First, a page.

Dustin Wilkes, 36, of Atlanta, was one of the few who headed to the office Tuesday. His parking lot was mostly deserted.

"I think they probably overreacted," Wilkes said. "It's to be expected."

Atlanta has a painful past of being ill-equipped to deal with snowy weather. Despite officials' promises after a crippling ice storm in 2011, the Jan. 28 storm proved they still had many kinks to work out.

Around the Deep South, slick roads were causing problems. In North Texas, at least four people died in traffic accidents on icy roads, including a Dallas firefighter who was knocked from an Interstate 20 ramp and fell 50 feet, according to a police report.

In northeastern Alabama, two National Guard wreckers were dispatched to help clear jackknifed 18-wheelers on Interstate 65. Gov. Robert Bentley said one lesson learned from the storm two weeks ago was to get those wreckers organized earlier.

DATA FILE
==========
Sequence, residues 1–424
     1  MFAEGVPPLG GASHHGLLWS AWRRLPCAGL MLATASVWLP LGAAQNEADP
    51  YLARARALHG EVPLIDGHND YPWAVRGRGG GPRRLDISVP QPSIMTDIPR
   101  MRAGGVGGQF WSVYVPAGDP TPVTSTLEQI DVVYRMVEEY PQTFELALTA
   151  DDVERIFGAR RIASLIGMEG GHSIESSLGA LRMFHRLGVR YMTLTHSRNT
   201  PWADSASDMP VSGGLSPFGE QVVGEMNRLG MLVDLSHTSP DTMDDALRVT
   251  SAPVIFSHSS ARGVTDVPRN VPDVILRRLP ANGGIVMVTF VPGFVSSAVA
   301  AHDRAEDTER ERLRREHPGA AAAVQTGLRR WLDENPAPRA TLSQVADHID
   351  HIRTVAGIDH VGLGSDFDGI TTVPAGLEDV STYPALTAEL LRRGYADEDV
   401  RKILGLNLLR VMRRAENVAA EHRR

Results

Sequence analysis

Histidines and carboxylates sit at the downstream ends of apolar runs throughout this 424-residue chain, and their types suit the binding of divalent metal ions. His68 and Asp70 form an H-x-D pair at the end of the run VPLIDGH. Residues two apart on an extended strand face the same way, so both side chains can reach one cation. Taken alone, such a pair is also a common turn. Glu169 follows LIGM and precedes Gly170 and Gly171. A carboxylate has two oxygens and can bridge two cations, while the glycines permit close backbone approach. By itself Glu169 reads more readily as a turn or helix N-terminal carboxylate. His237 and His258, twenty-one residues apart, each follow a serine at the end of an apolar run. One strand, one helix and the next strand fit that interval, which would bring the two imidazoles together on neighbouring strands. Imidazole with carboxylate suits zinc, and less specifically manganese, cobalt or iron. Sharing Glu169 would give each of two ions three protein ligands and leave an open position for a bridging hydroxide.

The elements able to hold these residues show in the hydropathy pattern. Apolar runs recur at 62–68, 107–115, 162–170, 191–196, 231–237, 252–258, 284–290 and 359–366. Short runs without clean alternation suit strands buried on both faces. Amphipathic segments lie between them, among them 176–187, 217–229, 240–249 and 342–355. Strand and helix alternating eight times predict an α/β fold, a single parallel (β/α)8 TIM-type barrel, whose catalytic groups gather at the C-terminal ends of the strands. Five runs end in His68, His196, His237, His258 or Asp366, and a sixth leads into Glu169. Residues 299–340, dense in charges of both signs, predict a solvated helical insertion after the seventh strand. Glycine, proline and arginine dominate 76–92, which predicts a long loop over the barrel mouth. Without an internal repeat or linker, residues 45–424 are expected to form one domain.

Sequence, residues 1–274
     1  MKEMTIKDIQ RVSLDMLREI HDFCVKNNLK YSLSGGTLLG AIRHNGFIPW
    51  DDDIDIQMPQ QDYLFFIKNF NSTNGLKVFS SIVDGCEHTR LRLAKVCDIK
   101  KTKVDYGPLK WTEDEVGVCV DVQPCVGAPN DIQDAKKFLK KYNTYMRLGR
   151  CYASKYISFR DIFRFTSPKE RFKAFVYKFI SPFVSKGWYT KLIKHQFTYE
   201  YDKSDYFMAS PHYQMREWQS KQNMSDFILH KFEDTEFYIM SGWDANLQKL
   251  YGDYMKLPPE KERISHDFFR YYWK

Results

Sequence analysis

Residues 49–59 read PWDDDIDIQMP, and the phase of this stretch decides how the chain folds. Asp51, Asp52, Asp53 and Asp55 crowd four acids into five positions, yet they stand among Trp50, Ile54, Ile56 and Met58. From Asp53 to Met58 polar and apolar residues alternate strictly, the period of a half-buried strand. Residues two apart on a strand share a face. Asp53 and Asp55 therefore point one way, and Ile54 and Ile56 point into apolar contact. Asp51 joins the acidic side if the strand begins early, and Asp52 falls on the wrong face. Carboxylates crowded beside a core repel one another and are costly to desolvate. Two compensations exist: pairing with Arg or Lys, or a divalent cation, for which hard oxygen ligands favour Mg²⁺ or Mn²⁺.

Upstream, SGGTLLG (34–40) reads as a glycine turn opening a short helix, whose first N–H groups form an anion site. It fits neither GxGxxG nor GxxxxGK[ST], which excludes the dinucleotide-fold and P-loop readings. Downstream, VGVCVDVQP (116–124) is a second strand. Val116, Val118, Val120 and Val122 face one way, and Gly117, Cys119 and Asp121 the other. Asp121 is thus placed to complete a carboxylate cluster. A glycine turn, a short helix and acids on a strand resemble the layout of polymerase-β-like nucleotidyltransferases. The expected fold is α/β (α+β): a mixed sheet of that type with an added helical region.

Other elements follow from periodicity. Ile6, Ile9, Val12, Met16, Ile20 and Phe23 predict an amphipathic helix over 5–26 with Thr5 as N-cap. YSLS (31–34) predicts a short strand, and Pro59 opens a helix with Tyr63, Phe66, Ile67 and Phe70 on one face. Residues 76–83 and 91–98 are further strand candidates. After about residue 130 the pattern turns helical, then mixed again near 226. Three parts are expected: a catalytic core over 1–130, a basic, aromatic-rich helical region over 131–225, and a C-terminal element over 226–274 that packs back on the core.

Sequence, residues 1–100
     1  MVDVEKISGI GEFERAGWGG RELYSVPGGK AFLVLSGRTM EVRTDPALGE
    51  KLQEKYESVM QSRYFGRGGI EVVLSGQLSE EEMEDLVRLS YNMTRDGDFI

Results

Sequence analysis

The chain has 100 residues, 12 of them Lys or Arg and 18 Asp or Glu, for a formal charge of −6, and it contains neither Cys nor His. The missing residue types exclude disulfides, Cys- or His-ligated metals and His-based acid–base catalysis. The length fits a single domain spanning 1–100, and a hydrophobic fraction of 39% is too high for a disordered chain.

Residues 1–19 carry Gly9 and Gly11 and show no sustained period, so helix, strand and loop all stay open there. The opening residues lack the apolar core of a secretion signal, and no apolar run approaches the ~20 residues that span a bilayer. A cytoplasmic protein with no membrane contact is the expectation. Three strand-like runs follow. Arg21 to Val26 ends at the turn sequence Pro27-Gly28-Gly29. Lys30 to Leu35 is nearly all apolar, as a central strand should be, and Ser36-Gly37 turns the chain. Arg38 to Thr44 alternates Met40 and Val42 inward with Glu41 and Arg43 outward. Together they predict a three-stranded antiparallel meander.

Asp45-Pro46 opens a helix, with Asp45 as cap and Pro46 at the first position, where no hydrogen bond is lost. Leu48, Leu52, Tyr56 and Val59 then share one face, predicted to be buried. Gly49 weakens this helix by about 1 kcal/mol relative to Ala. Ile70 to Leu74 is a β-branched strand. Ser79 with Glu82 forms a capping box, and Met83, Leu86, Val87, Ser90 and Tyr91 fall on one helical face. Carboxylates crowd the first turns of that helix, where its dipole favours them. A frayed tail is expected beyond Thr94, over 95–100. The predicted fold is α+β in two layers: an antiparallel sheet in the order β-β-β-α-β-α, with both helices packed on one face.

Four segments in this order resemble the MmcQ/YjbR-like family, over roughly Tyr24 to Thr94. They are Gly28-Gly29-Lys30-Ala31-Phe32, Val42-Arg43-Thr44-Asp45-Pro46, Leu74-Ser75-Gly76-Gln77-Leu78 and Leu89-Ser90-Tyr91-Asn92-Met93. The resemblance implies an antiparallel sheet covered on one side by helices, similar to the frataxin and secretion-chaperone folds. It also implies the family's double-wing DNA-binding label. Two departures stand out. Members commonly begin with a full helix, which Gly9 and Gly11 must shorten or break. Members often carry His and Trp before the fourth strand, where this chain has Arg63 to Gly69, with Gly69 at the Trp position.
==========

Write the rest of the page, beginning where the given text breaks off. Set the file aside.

Michelle Owen, of Mount Pleasant, Tenn., was driving north on Interstate 65 when she hit an icy patch on a bridge. Her sport-utility vehicle and a trailer it was pulling fishtailed, sending her 18-year-old son Tyler through the rear window and on to the car that was atop the trailer.

"He wound up on top of the Mustang we were hauling," Owen said. He suffered only minor injuries.

Parts of northeast Mississippi could see up to 4 inches of snow. South Carolina, which hasn't seen a major ice storm in nearly a decade, could get a quarter to three-quarters of an inch of ice and as much as 8 inches of snow in some areas.

Delta canceled nearly 2,200 flights on Tuesday and Wednesday, most of them in Atlanta.

Georgia Looks To Avoid Embarrassment In Second Storm

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Steve February 11 2014 at 4:28 PM


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joeknowswoodies February 11 2014 at 4:44 PM

I know the body shops and wrecker drivers are loving it...lol...thanks

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charlieman2010 February 11 2014 at 4:44 PM

Best to prepare like a hurricane...water, batteries, heaters, blankets, etc....